Rioja is a very diverse region with a lot to discover in terms of climate, topography and soils. It runs 110 km from north to south, and is located between two mountain chains in an area 40km wide.
To the north is the Sierra de Cantabria (1,200m high), protecting Rioja from the worst of the Atlantic weather. While to the south, the Sierra de la Demanda (2,400m and part of the Sistema Ibérico, the mountain range on the northeast edge of the flat meseta plains of Central Spain) shelters vineyards from weather from the warmer centre of the country.
By comparison, the valley of the Ebro river, as it flows towards the Mediterranean broadly from the higher northwest to the lower southeast of the region, is relatively open. This means that although Rioja is far from the coast, its eastern areas gain some Mediterranean influence. The Ebro is the largest river in the region and divides it in two, but it also has several tributaries, their valleys providing vineyard sites with varying aspects and soils.
Most of Rioja’s vineyards lie in the autonomous community of La Rioja but also with some in the province of Alava in the Basque country and a smaller number in the province of Navarra. Rioja is divided into three zones: Rioja Alta, Rioja Alavesa and Rioja Oriental.
It is possible to make broad generalisations about the climate of each zone, but their topography and soils are so varied that some producers have suggested a re-mapping and renaming of the zones could be helpful. Recent studies have focused on exploring the differences between the three areas.
One suggestion for a new sub-division has been made by Alberto Gil and Antonio Remesal in their book Viñedos Silenciosos. They suggest dividing the region in eight areas taking into consideration viticulture parameters: Viñedos del Oja y el Tirón, la Sonsierra Occidental, la Sonsierra Oriental, la Sonsierra del Ebro, Viñedos del Najerilla, Viñedos del Iregua y el Leza, las Riberas de La Rioja y Navarra and Viñedos del Alto Cidacos y del Alto Alhama.
Such sub-regional divides reflect the great diversity of terroir in the three Rioja zones. From north to south there is a difference of almost 250mm in annual rainfalls and two to three weeks’ difference in terms of harvest. There is also a diversity of soil types, for example: more limestone in Yerga; more alluvial and pebbly soils in Cuzcurrita; more sand and clay in Villalba.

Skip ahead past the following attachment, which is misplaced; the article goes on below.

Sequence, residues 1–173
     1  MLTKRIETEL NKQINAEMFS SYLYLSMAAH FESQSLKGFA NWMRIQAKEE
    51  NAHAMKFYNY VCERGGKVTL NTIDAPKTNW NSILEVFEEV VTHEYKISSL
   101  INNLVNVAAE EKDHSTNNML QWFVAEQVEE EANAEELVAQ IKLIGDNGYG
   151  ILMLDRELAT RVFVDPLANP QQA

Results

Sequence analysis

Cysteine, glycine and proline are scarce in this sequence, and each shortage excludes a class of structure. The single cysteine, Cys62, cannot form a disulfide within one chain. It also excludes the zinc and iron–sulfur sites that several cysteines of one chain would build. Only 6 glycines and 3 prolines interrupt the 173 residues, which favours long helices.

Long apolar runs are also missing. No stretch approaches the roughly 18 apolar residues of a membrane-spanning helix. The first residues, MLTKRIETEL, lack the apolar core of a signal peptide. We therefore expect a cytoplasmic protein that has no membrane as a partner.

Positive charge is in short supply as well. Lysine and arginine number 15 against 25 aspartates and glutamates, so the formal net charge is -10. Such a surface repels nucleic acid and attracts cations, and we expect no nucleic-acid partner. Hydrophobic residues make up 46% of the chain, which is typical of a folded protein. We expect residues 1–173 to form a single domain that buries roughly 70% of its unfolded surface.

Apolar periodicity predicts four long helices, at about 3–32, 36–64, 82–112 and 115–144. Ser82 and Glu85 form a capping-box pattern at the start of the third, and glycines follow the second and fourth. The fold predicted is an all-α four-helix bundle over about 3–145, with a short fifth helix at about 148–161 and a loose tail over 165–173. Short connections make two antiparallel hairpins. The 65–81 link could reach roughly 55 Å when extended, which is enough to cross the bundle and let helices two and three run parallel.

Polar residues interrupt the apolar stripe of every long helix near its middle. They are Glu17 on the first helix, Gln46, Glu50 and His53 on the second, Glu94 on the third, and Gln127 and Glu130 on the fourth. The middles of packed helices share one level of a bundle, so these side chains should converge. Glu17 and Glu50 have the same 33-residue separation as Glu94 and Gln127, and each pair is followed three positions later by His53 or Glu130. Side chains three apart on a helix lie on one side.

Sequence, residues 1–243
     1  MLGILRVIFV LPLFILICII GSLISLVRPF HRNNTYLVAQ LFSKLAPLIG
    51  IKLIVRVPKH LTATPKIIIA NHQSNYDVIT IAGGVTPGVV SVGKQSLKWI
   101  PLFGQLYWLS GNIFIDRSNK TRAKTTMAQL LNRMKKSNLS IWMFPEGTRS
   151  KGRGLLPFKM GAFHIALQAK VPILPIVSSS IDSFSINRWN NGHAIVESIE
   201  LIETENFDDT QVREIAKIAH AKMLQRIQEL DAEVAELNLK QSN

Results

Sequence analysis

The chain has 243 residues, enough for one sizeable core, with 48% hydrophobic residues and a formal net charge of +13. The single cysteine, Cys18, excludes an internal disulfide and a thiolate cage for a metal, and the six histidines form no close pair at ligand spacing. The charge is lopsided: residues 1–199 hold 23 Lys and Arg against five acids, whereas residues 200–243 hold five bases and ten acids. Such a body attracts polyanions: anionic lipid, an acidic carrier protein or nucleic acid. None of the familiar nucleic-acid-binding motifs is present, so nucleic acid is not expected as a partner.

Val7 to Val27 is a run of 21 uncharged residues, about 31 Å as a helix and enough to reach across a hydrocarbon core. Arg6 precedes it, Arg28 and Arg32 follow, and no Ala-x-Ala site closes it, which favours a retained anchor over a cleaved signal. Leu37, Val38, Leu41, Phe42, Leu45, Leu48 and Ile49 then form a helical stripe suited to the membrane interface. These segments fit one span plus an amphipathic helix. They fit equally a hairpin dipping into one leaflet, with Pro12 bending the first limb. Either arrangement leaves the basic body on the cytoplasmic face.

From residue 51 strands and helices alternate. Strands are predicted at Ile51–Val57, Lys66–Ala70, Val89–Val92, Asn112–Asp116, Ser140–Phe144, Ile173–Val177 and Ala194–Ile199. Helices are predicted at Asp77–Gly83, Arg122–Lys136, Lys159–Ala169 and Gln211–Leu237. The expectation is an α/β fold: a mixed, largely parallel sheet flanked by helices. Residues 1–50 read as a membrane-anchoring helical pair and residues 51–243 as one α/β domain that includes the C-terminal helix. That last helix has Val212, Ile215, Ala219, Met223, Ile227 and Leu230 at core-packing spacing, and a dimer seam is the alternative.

Vintage variation can be marked, since in any given year parts of Rioja can receive more or less influence from the Atlantic (bringing cooler, wetter weather) and the Mediterranean (bringing warmer, drier weather). However, it’s difficult to generalise vintage characteristics over such a large and varied region.
In response to vintage variation some winemakers aim to produce consistent wines year on year, by blending for consistency. In contrast other producers look to make wines that reflect each particular vintage.
For 20 years Ramón Bilbao has been digging deep into the terroirs of Rioja. Climate change has made high-altitude vineyards more viable, areas where previously grapes would struggle to ripen. The area of Rioja most at risk from climate change is thought to be the low-altitude vineyards of Rioja Oriental, which is already warm and suffers from drought.
Rodolfo Bastida, chief winemaker, has turned to the high altitudes of Abalos and Vilalba to grow grapes for his icon Mirto wine. He has also made his first foray into single vineyards in Rioja Oriental and purchased a ‘dream parcel’ of vineyards in the Sierra de Yerga mountains.
These high-altitude vineyards give grapes with higher acidity and a lower pH, thanks to a good sun exposure that allows perfect concentration of sugar. These conditions also produce more rounded and ripe grape tannins.
‘At Ramón Bilbao we have always believed that origin plays a very important role and that wines can talk about the landscape they come from. We believe that our future lies in continuing to make these terroir-driven, vineyard-specific wines,’ he says.
Always following the house style – allowing the fruit to speak for itself without being hidden by oak – Bastida makes fresh and elegant wines with the capacity to age.